1. Gnaeus Pomseius (106-48 B.C.), the triumvir, the first of his family to assume the surname Magnus, was born on the 36th of September in the same year as Cicero. When only seventeen he fought together with his father in the Social War. He took the side of Sulla against Marius and Cinna, but for a time, in consequence of the success of the Marians, he kept in the background. On the return of Sulla from the Mithradatic War Pompey joined him with an army of three legions, which he had raised in Picenum. Thus early in life he connected himself with the cause of the aristocracy, and a decisive victory which he won in 83 over the Marian armies gained for him from Sulla the title of Imperator. He followed up his successes in Italy by defeating the Marians in Sicily and Africa, and on his return to Rome in 81, though he was still merely an eques and not legally qualified to celebrate a triumph, he was allowed by general consent to enjoy this distinction, While Sulla greeted him with the surname of M agnus, a title he always retained and handed down to his sons. Latterly, his relations with Sulla were somewhat strained, but after his death he resisted the attempt of the consul M. Aemilius Lepidus to repeal the constitution. In conjunction with A. Lutatius Catulus, the other consul, he defeated Lepidus when he tried to march upon Rome, and drove him out of Italy (77). With some fears and misgivings the senate permitted him to retain the command of his victorious army, and decided on sending him -to Spain, where the Marian party, under Sertorius, was still formidable; Pompey was fighting in Spain from 76 to 71, and though at first he met with serious reverses he was ultimately successful. After Sertorius had -fallen a victim to assassination, Pompey easily defeated his successor Perperna and put an end to the War. In 71 he won fresh glory by finally crushing the slave insurrection of Spartacus, That same year, amid great popular enthusiasm, but without the hearty concurrence of the senate, whom he had alarmed by talking of restoring the dreaded power of the tribunes, he was elected with M. Licinius Crassus to the consulship, and entered Rome in. triumph (December 31) for his Spanish victories. He was legally ineligible for the consulship, having held none of the lower offices of state and being under age. The following year saw the work of Sulla undone; the tribunate restored, and the administration of justice was no longer was left exclusively to the senate, but was to be shared by it with the wealthier portion of the middle class, the equites (q.v.) and the tribuni aerarii. The change was really necessary, as the provincials could never, get justice from a court composed of senators, and it was, carried into effect by Pompey with Caesar's aid. Pompey rose still higher in popularity, and on the motion of the tribune Aulus Gabinius in 67 he was entrusted with an extraordinary command over the greater part of the empire, specially for the extermination of piracy in the Mediterranean, by which the corn supplies of Rome were seriously endangered, while the high prices of provisions caused great distress. He was completely successful; the price of corn fell immediately on his appointment, and in forty days the Mediterranean was cleared of the pirates. Next year, on the proposal of the tribune Manilius, his powers were still further extended, the care of all the provinces in the East being put under his control for three years together with the conduct of the war against, Mithradates VI., who had recovered from the defeats he had sustained from Lucullus and regained his dominions. Both Caesar and Cicero supported the tribune's proposal, which was easily carried in spite of the interested opposition of the senate and the aristocracy, several of whom held provinces which would now be practically under Pompey's command. The result of Pompey's operations was eminently satisfactory. -The wild tribes of the Caucasus were cowed by =the Roman arms, and Mithradates himself fled across the Black Sea to Panticapaeum (modern Kertch). In the years 64 and 63 Syria and Palestine were annexed to Rome's empire. After the capture of Jerusalem Pompey is said to have entered the Temple, and even the Holy of Holies. Asia and the East generally were left under the subjection of petty kings who were mere vassals of Rome. Several cities had been founded which became centres of Greek life and civilization.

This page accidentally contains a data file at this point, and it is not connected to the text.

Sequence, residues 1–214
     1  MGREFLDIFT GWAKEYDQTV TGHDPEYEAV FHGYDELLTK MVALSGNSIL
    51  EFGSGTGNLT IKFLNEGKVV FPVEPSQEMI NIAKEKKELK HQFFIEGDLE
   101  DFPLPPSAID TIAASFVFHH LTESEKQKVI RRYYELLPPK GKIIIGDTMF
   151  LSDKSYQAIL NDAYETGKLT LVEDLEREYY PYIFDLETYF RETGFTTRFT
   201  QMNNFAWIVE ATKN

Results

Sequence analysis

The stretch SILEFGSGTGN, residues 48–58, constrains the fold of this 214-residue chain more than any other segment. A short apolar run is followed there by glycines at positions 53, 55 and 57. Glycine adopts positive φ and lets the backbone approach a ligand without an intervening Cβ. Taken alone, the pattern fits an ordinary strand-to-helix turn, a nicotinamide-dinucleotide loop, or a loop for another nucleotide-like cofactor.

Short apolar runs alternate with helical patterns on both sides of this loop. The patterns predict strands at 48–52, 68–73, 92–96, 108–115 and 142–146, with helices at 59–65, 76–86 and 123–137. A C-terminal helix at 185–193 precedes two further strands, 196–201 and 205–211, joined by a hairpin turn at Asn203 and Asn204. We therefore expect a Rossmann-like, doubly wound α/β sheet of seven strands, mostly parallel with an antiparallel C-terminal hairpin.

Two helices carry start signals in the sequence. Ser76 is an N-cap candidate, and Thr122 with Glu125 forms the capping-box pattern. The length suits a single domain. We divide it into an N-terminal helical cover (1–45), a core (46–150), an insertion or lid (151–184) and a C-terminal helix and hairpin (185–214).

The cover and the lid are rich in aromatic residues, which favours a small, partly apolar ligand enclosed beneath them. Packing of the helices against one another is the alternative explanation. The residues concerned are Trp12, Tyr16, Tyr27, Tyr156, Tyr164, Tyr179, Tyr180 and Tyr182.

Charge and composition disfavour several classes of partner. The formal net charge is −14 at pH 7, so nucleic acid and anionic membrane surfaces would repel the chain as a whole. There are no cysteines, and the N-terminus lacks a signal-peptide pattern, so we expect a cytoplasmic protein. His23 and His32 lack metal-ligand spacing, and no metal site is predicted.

Pompey, now in his forty-fifth year, returned to Italy in 61 to
- Their history and political character is obscure; they were at any rate connected with the knights (see Aerartium).